KABUL, AFGHANISTAN – The Asian Development Bank (ADB) has approved a $25.5 million grant to boost maintenance work on sections of Afghanistan’s regional highway in the southeastern part of the country and enhance the overall sustainability of the road transport sector.
“There has been a massive effort to rebuild Afghanistan's infrastructure since 2002, and nearly 8,000 km of roads have been reconstructed or rehabilitated to date, but they had fallen back into disrepair due to poor operation and a prolonged lack of maintenance,” said Witoon Tawisook, Principal Transport Specialist with ADB’s Central and West Asia Regional Department. ”The project will address the lack of an effective road operation and maintenance system, and a chronic shortage of funds to implement one.”
An ongoing ADB study for road operation and maintenance found that 85% of the road network in Afghanistan is in deteriorating condition, and only 50% is serviceable year-round. Given the country’s narrow economic base and scarce budget resources, the government is unlikely to meet its annual funding target of $200 million for road maintenance and will have to rely on donor contributions for the foreseeable future. Lack of systematic planning and management of roads, organizational and human resource issues, and overlapping mandates of different organizations responsible for the road sector further exacerbate the problem.
To help address these issues, the project will help establish sustainable road management practices—specifically in road asset management and road maintenance for the country’s major highways—and build the technical capacity of the Ministry of Public Works to operate and maintain roads through classroom and on-the-job training .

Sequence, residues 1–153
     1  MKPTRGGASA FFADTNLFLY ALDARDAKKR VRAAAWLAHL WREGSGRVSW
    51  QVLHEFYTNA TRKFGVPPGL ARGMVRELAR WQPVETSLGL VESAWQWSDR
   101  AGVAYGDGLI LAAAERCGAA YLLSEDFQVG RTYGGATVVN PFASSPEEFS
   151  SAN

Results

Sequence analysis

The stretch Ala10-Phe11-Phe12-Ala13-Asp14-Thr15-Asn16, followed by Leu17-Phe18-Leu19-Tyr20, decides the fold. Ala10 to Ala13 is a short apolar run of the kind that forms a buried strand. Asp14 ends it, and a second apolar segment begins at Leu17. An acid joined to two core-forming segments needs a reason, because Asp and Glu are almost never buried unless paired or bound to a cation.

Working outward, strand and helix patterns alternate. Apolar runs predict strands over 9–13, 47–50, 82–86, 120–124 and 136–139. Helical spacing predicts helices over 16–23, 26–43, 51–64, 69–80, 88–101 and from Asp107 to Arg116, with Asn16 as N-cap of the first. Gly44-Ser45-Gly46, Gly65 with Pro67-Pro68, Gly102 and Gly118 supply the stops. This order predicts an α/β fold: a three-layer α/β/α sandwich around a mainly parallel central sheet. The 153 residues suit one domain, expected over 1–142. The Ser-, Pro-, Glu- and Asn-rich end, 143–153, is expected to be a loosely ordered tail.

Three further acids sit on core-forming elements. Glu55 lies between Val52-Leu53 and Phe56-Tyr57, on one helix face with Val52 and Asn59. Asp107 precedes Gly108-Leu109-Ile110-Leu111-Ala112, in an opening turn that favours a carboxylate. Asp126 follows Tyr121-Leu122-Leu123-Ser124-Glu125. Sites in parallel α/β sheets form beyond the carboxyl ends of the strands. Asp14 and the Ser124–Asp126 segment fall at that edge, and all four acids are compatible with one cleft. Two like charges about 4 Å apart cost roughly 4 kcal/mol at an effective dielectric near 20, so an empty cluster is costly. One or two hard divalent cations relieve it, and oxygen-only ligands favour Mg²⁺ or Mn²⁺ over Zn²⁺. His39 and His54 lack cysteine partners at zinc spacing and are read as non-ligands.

A total of about 220 kilometers of two sections of the Kabul–Jalalabad highway and the Kabul–Kandahar highway from Kabul to Ghazni were selected for maintenance due to their economic and strategic importance. The former is the busiest intercity highway in Afghanistan and one of the nation’s economic lifelines, while the latter is part of the strategic national ring road.
The proposed road asset management system will include the design, development, and trial deployment of the system, as well as the provision of adequate information and communication technology infrastructure.
Afghanistan is a founding member of ADB and to date it has received over $4.3 billion in grants and loans, including more than $2.2 billion for roads, railways, and airport projects.
ADB, based in Manila, is dedicated to reducing poverty in Asia and the Pacific through inclusive economic growth, environmentally sustainable growth, and regional integration. Established in 1966, ADB in December 2016 will mark 50 years of development partnership in the region. It is owned by 67 members – 48 from the region. In 2015, ADB assistance totaled $27.2 billion, including cofinancing of $10.7 billion.